Londoners Lay Claim to a Stately Southern Vacation Home
Spanish moss drips from trees gnarled by Atlantic winds. Sandy earth supports native scrub and flora. A grand home rises above the flat barrier island plain of Sea Island, one of the Golden Isles off the Georgia, US coast. The relationship between this home and its island setting was cultivated intentionally. “We wanted something that was quite natural and in sync with the surroundings,” explains London-based designer Louise Jones. Her eponymous firm serves clients in the UK and abroad.
Weeks of research informs Jones’s initial design work on every project. Her UK office library brims with books that describe the history of houses throughout eras and across geographies. “I wanted the house to look like it belonged in that part of the world,” says Jones of this island abode. “Getting the exterior right was probably the most difficult part.” Although new construction, this home adapts the strict symmetry, simple ornamentation, and rectangular shape of the Georgian architectural style, which was popularized under the reigns of Kings George I, II, III, and IV. The style was exported to the American colonies during the late 1700s and experienced a revival in the mid-twentieth century.
Her clients’ primary home is in Chelsea, a district of Southwest London, but the family also enjoys vacationing in the US. The Sea Island setting provided a perfect paradise with a climate suited to enjoying the outdoors. “In London, we live so internally. We rarely step outside,” says Jones. A vacation spot in a rural setting with a mild climate requires a different type of focus. “In a holiday home, you’re outside a lot more. With this type of home design, you set a goal of linking to the outside and maximizing the light.”
This home meets both those goals. Light floods through the many windows and French doors in the home, as do the picturesque views of the adjacent lake. A screened-in porch, outdoor eating area, and second-floor balconies serve as transitions from bedroom and living room spaces to the peaceful green vista. The balconies are meant for private use, while the porches and dining spots serve to entertain the homeowners and their many visitors.
As part of her design process, Jones helps her clients visualize the design master plan. She sketches images that are then hand-colored or watercolored. Those images prompt discussion and Jones gathers feedback from her clients in weekly meetings that occur for several weeks.
In this home, the orderly architectural style helped set the direction for the interior. Each room feels balanced and proportional. This type of symmetry often shows up in more formal designs that can feel stuffy and stiff. Yet in these rooms the evenness evokes peace and balance—the sensations most of us strive for when on vacation.
Also critical to designing the perfect vacation home is acknowledging the different style of living. To encourage a laid-back and relaxed vibe, Jones chose softer, natural materials like linen, cotton, and leather. Those choices give a contemporary feel to the home’s interior that fussier fabrics would not. “They wanted a welcoming family home,” she says. “It couldn’t be too precious or formal. The rooms had to be inviting, places where you wanted to spend a lot of time.”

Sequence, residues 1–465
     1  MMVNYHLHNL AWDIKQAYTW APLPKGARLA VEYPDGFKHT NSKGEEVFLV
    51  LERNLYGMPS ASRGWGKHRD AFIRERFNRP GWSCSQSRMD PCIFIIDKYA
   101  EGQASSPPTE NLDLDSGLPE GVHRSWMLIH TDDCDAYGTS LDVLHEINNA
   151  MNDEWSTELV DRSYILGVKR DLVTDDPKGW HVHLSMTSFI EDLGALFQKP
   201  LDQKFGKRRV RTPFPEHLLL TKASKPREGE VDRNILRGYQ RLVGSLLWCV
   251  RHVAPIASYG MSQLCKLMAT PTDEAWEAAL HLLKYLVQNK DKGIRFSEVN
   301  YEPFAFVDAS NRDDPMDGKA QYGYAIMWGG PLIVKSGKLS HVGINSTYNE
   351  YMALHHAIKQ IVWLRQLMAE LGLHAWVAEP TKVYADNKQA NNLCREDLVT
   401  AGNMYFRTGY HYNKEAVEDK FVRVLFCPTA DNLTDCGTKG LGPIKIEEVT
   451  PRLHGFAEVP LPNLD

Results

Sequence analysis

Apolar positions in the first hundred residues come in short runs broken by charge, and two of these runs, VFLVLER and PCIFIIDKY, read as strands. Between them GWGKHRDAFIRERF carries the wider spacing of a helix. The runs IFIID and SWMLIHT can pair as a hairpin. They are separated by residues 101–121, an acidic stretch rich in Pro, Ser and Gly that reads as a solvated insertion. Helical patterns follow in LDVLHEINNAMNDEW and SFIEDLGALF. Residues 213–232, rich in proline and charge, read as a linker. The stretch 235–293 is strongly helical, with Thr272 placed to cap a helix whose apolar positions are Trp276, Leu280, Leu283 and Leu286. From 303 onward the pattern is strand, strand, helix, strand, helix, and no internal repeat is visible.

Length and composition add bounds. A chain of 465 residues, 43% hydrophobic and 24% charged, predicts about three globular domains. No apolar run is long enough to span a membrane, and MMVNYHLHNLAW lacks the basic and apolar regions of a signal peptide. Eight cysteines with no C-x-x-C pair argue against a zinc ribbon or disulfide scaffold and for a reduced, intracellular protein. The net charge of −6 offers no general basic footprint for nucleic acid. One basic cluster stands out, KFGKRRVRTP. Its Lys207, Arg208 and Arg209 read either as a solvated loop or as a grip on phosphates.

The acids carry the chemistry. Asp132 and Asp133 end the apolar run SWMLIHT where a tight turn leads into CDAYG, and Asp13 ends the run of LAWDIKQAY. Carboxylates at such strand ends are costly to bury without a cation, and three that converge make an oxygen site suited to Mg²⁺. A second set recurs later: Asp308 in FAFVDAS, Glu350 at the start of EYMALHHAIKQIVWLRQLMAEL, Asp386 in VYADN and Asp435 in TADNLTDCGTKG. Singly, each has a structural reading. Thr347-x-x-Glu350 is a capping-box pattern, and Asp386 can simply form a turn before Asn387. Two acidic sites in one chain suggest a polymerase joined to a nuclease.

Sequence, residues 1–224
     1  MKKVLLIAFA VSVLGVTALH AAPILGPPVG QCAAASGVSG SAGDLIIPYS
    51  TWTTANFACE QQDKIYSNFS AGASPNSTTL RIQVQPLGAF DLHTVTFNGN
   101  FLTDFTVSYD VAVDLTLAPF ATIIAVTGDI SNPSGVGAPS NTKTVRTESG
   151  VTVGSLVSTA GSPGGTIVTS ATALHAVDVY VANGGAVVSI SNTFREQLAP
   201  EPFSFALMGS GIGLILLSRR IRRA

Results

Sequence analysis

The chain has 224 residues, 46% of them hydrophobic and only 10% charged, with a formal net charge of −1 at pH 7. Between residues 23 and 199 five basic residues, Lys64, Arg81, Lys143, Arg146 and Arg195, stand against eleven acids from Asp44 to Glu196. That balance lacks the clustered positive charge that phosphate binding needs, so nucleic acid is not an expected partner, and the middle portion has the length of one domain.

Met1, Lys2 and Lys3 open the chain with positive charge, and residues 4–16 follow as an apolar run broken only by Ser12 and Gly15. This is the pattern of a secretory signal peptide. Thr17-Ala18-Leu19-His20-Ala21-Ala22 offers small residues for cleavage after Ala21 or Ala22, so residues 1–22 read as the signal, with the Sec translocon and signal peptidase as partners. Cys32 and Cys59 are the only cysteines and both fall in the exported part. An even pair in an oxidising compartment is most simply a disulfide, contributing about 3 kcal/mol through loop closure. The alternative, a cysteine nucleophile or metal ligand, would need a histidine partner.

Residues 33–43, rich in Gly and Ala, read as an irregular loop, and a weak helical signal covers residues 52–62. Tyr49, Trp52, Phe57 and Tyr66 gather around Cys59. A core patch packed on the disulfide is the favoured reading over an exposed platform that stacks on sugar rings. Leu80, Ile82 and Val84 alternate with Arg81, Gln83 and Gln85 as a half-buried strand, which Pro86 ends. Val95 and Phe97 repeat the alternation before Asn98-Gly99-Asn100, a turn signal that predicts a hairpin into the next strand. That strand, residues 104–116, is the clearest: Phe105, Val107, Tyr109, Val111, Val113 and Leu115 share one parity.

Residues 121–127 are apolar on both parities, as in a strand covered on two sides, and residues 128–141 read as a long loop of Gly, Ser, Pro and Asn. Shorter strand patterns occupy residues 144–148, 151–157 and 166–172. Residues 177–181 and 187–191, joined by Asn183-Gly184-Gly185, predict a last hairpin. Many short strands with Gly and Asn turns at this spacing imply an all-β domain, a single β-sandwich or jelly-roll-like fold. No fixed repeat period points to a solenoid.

The homeowners appreciate pattern and color, but requested a serene color palette. Each room boasts soothing hues, allowing accessories and artwork to take center stage. The calming colors paired with each room’s symmetry elevate the sense of serenity.
Although the residence serves as an escape from their primary home, it retains a homey feel by reflecting the owners’ personalities. While the exterior clearly bonds with the barrier island atmosphere, the interior reveals the inhabitants’ ties to another island. From suits of armor to copious pictures of past and present queens, British patriotism is on display. An oversize portrait of Queen Mary casts a regal eye over the living room, while stylized prints of Queens Elizabeth I and II, Queen Victoria, and Mary, Queen of Scots grace the walls of a small family room.
In fact, the home embraces its decided cosmopolitan flair. European, Asian, African, and American art and furnishings create an eclectic mix. Each room feels special, evoking the sense that items were gathered bit by bit and chosen with great care. This mix reveals the travels of the homeowners, but also acknowledges the cultural fusion specific to the American South. Getting that mix right is a challenge. “In every room, you need a focus. As I design, I gradually develop the look, adding in more and more detail as I go,” says Jones. Yet she cautions to use restraint. “It’s so easy to put too much into a room, which makes it look dated. Right now, this house feels fresh and happy and light. Too little is always better than too much. Take away more than you put in. That way, what you do put in is really special.”
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Credit: Home by Design Magazine June/July 2017
WRITTEN BY RONDA SWANEY
PHOTOGRAPHY BY ANDREAS VON EINSIEDEL